Porsche knows how to celebrate an occasion, as the German company marked the seventh iteration of its Rennsport Reunion – basically a celebration of its motorsports achievements to date – with a limited edition, and insanely potent version of the 911 GT3 R.
Dubbed the 911 GT3 R rennsport (no surprises there), it is based on the existing GT3 R, but takes things up a notch when you delve into the performance figures. It is a track car that isn’t designed to compete, so Porsche engineers were freed from the traditional regulatory shackles.
Let’s start with the body work, where only the bonnet and the roof were borrowed from the standard GT3 R. There’s a new front end, complete with an aerodynamically-optimised nose, side fins, air intakes around the wheel arches and the conventional mirrors have been replaced by digital versions to help it cut through the air with greater efficiency.
Walk around the back and you’ll likely be skewered by the enormous rear wing. That helps keep the car glued to the blacktop but is also a retro-tastic nod to the Brumos Porsche 935/77 that took the seventh overall victory for a Porsche at the 24 Hours of Daytona in 1978.
Stunning 18-inch BBS racing rims finish off the aggressive exterior, which can be painted in various modern representations of race-winning Porsches throughout history. However, just 77 cars will be made available to the public, so we are unsure of how many of those 11 exclusive colour combinations will be optioned or ever seen in the wild.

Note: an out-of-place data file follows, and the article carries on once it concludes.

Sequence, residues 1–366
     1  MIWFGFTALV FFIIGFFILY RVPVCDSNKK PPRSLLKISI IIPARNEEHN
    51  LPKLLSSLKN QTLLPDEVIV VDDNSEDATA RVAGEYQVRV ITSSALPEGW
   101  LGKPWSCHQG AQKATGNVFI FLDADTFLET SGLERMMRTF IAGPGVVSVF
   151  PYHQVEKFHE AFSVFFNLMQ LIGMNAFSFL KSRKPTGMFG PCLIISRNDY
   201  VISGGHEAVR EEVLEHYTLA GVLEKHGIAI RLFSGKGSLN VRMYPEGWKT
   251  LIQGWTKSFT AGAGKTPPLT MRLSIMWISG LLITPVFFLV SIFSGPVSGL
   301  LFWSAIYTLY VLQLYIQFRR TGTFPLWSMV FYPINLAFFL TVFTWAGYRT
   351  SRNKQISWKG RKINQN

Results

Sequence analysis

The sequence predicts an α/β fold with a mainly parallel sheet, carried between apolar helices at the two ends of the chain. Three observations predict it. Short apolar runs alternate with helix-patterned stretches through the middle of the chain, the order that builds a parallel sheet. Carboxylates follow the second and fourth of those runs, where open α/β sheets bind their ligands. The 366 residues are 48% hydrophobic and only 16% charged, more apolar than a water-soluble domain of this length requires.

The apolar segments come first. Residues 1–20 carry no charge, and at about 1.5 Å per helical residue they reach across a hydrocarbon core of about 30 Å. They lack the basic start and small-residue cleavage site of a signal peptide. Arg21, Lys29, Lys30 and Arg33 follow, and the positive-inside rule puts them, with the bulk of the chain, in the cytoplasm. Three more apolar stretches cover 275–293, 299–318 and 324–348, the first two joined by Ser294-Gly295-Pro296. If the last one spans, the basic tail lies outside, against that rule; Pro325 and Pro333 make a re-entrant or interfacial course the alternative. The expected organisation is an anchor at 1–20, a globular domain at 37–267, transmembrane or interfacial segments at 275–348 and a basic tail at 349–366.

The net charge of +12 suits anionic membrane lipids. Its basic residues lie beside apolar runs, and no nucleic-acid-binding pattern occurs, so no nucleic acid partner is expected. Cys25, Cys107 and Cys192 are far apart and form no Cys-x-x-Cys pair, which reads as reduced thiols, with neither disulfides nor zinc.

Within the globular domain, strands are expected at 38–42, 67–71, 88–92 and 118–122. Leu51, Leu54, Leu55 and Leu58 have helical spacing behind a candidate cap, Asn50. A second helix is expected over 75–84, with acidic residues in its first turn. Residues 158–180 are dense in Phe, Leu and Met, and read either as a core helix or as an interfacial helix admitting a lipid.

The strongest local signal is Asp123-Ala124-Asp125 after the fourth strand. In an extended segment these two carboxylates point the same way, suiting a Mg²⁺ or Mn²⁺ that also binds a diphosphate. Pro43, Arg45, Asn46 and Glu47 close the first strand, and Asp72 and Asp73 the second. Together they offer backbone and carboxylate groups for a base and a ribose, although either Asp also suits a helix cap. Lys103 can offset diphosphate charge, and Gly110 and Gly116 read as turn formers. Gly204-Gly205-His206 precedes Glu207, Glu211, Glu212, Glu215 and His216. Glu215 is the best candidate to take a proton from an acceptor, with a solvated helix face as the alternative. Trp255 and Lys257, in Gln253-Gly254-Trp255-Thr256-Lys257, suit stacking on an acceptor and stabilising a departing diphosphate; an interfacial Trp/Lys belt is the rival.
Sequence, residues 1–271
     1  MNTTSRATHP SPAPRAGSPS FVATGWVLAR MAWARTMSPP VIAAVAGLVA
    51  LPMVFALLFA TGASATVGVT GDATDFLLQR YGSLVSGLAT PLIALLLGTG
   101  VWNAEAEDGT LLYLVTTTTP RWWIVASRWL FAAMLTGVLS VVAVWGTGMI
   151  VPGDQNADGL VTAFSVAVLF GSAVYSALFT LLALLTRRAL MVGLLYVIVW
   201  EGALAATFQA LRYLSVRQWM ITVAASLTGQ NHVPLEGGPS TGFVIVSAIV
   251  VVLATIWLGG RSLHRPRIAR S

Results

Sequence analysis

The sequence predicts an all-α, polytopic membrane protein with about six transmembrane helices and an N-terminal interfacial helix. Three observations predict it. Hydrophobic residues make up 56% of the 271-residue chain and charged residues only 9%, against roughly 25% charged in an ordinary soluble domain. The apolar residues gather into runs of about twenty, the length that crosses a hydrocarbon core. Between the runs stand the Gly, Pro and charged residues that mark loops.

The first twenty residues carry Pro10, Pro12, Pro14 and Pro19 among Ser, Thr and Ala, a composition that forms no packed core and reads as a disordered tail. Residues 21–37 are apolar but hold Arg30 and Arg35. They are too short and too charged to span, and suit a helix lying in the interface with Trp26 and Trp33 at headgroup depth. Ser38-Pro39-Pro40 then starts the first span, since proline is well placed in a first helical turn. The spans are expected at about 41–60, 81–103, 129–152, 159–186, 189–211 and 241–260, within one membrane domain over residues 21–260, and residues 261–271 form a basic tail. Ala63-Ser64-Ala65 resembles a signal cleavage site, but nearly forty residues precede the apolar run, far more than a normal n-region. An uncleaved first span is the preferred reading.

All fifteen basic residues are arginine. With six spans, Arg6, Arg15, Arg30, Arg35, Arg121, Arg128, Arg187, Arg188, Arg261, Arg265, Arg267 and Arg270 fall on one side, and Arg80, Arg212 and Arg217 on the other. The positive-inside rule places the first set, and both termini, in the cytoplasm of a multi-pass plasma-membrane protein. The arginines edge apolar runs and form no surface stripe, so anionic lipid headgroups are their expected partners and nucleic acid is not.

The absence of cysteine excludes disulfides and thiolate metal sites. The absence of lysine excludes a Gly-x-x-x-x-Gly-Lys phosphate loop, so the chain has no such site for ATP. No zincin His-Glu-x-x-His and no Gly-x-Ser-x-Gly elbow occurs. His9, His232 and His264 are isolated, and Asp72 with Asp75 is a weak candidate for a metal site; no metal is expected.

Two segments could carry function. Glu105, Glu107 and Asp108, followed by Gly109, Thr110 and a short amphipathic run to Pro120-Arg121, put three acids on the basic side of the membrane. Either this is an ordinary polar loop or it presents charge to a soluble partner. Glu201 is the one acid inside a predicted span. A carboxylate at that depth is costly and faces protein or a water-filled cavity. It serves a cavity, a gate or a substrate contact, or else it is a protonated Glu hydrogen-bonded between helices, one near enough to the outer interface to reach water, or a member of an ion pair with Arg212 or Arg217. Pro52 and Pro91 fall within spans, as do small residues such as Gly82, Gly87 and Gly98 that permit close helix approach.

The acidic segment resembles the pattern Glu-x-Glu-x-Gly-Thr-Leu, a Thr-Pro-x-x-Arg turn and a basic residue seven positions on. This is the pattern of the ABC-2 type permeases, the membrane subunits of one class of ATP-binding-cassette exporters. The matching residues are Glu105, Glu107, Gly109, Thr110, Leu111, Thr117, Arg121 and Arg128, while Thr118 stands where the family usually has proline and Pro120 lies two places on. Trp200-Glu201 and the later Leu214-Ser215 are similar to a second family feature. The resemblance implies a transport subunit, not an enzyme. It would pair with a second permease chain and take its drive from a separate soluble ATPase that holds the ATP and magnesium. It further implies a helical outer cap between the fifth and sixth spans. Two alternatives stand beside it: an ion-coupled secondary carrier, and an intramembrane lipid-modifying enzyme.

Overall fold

Finally, let’s talk numbers, as Porsche has seen fit to increase the power output from the screaming 4.2-litre boxer engine from 557bhp of the GT3 R to an eye-watering 612bhp. In addition to this, Porsche says it will rev all the way to 9,400rpm, should you have the required mettle to let that sort of power fly in a rear-wheel drive machine with a six-speed sequential gearbox.
Oh, and just so everyone else on track knows you are piloting a serious weapon, Porsche has fitted an un-silenced racing exhaust. Although, two quieter versions fitted with silencers and catalytic converters are available for racing circuits with noise restrictions. Phew.
All of this is going to set 77 lucky owners back $1,046,000 - or approximately £860,000 - and that is without any options boxes ticked or local taxes applied.
So, if you have a glaring hole in your collection for a single-seater, race-tweaked 911 with a roll cage, you know what to do.